With respect to goods for intermediate demand, which dropped 0.3 percent, price increases for biologics, including diagnostics, stood out at 2.5 percent. With respect to services for intermediate demand, which rose 0.1 percent, prices for health insurance jumped 0.8 percent

Looking back over the 12-month period, the price increase of 10.4 percent for pharmaceutical preparations continues to stand out like a sore thumb. Political agitation against drug prices is unlikely to go away soon. Health insurance, having risen 1.7 percent in a flat or negative inflationary environment, is also beginning to stand out. (See Table I below the fold.)

Federal Health Bureaucracy Growing? Don’t Blame (Just) Obamacare

Libertarians and conservatives and others have spent five years complaining about the increased bureaucratic burden of Obamacare. New research by Sam Batkins of the American Action Forum, while not letting Obamacare off the hook, shows the problem predates the current Administration. The following chart shows the burden of paperwork has increased linearly since at least 2005:

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Another Hit On Price Transparency

HSAJAMA, the Journal of the American Medical Association, has published a research article challenging the doctrine that price transparency leads to lower health costs. Sunita Desai, et al., found:

Two large employers represented in multiple market areas across the United States offered an online health care price transparency tool to their employees. One introduced it on April 1, 2011, and the other on January 1, 2012. The tool provided users information about what they would pay out of pocket for services from different physicians, hospitals, or other clinical sites.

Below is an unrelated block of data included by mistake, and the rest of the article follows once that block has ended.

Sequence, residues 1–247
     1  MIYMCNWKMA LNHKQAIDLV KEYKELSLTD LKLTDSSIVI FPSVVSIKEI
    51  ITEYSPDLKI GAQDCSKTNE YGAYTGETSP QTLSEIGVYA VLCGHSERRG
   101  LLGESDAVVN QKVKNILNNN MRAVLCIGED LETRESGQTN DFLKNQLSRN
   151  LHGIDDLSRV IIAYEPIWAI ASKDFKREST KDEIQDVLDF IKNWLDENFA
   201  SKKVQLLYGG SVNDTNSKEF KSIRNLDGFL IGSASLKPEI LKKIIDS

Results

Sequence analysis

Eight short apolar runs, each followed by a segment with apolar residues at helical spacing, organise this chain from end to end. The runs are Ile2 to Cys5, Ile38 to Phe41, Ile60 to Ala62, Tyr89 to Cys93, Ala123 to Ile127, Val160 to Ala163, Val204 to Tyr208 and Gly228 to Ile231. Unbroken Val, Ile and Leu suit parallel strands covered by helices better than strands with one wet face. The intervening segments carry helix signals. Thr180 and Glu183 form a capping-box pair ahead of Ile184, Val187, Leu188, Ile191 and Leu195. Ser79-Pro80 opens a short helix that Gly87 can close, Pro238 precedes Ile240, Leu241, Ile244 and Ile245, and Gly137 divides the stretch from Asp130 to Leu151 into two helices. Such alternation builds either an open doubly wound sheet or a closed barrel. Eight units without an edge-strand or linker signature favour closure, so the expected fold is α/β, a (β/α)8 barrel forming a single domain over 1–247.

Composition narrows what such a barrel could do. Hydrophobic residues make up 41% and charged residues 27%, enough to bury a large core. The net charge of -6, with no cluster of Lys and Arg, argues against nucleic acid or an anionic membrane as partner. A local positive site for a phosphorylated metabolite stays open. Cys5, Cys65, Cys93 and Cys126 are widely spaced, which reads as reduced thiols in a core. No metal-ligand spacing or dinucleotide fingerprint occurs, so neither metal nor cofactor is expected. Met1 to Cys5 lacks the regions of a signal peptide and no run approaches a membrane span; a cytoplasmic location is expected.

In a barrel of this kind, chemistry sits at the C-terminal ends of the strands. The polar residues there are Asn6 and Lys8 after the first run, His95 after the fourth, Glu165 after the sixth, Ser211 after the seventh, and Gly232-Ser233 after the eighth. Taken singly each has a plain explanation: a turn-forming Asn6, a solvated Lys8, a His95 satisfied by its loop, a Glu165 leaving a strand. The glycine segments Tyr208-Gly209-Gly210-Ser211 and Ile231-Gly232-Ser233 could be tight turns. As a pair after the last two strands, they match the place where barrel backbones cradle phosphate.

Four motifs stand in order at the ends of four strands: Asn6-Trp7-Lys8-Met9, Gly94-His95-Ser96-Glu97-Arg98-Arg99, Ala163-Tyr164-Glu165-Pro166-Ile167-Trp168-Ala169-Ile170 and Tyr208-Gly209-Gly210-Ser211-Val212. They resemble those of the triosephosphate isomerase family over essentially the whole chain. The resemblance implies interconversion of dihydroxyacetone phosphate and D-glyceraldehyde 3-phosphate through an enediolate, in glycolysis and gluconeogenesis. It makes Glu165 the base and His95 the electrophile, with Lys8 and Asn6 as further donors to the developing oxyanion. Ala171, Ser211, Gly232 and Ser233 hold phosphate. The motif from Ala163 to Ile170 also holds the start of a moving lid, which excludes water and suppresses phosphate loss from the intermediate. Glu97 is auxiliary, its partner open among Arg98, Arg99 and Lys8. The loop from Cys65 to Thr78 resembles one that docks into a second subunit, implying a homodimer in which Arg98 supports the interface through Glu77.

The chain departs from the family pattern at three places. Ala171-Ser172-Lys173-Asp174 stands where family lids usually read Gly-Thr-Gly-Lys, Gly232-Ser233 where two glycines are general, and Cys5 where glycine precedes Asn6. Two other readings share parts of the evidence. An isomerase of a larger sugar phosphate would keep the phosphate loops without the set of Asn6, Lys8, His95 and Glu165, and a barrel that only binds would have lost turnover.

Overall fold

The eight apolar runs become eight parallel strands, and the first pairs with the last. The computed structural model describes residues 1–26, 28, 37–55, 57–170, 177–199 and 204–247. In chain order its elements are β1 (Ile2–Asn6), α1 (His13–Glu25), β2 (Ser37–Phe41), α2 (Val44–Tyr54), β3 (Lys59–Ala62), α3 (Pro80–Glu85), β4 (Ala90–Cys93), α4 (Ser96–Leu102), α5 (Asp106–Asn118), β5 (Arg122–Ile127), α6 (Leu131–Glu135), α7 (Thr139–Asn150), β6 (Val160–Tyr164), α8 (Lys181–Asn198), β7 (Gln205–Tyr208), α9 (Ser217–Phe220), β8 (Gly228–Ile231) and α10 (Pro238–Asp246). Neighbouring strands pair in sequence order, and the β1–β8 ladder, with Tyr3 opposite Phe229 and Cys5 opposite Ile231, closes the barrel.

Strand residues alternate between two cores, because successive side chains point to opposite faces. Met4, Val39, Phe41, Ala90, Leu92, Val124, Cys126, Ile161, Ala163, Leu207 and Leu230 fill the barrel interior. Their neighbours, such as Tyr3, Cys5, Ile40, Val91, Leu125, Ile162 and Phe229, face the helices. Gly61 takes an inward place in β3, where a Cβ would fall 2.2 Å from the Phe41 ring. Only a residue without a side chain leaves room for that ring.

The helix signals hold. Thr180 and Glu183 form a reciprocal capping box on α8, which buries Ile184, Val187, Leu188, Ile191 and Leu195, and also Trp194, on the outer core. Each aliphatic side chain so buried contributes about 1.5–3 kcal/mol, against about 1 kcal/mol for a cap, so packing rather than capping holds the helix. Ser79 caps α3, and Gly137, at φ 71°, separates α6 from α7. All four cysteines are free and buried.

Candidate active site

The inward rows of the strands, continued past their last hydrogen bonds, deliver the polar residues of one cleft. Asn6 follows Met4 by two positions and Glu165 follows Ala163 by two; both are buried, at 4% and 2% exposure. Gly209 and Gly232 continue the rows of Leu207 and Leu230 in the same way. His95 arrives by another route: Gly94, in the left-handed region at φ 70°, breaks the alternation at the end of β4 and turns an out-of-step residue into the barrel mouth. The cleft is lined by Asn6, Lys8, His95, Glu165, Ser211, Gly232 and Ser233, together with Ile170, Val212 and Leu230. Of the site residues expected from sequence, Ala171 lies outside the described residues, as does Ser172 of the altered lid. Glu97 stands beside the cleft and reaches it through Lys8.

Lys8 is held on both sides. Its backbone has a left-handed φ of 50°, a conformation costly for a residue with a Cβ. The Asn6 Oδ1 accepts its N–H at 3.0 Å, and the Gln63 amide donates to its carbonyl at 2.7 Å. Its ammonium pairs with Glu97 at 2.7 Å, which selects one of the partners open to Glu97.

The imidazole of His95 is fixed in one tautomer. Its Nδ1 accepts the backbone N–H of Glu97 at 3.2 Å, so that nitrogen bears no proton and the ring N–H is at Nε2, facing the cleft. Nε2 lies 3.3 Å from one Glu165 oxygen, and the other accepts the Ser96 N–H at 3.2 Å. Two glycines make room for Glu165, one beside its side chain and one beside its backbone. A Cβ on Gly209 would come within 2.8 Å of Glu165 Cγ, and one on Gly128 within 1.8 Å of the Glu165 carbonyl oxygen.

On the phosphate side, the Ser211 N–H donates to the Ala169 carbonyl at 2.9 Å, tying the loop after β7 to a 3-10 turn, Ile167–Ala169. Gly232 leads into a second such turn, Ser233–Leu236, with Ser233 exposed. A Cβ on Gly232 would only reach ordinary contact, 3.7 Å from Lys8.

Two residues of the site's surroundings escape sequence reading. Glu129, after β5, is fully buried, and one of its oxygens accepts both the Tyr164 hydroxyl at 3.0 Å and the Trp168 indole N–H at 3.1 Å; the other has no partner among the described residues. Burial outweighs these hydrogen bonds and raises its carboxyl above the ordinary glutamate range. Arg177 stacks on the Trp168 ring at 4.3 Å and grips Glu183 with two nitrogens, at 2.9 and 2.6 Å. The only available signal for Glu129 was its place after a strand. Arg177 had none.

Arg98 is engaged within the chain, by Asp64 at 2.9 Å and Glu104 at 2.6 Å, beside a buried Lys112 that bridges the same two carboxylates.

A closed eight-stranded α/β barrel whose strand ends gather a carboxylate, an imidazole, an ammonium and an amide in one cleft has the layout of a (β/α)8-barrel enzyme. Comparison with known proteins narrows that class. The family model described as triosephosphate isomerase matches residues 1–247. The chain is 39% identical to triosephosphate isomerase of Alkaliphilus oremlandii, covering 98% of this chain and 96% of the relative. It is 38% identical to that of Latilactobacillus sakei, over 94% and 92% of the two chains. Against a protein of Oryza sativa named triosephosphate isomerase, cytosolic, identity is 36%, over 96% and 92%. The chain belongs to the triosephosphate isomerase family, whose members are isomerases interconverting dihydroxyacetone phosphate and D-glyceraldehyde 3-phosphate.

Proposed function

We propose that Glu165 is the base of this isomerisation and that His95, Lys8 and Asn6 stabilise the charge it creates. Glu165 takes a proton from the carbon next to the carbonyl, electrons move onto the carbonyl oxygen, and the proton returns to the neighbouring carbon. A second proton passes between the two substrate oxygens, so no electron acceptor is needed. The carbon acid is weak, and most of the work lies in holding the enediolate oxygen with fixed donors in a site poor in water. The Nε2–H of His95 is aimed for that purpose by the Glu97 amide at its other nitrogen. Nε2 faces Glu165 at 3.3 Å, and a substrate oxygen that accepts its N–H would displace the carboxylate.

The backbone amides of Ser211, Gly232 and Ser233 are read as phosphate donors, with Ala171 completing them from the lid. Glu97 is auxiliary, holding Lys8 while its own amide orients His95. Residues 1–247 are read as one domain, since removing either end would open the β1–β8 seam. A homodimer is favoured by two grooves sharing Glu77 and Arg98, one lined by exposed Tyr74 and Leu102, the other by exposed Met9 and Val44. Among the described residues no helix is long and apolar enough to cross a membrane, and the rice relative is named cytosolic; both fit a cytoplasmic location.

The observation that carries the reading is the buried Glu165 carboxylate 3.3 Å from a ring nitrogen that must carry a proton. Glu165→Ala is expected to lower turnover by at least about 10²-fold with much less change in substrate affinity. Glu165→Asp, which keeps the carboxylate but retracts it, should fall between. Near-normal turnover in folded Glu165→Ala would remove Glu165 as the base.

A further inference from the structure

Mean outpatient spending among employees offered the tool was $2021 in the year before the tool was introduced and $2233 in the year after. In comparison, among controls, mean outpatient spending changed from $1985 to $2138. After adjusting for demographic and health characteristics, being offered the tool was associated with a mean $59 (95% CI, $25-$93) increase in outpatient spending.

Ouch! Let me make a couple of points. First, higher out-of-pocket spending might not be associated with higher health spending overall. If the price-transparency tools give patients confidence they understand their potential financial liability when going to doctors, that might encourage them to go rather than wait. If that increases timeliness of care, total health costs might go down while out-of-pocket costs go up. This is supported by previous research.

Health Jobs Grow More Than Three Times Faster Than Other Jobs

BLSHealth services jobs grew over three times faster than non-health, nonfarm civilian jobs in April. Health services jobs comprised 44,200 (28 percent) of 160,000 jobs added. The rate of growth from March was 0.29 percent for health services jobs versus only 0.09 percent for other jobs (Table I).

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Wrong Way for Consumer-Driven Health Care?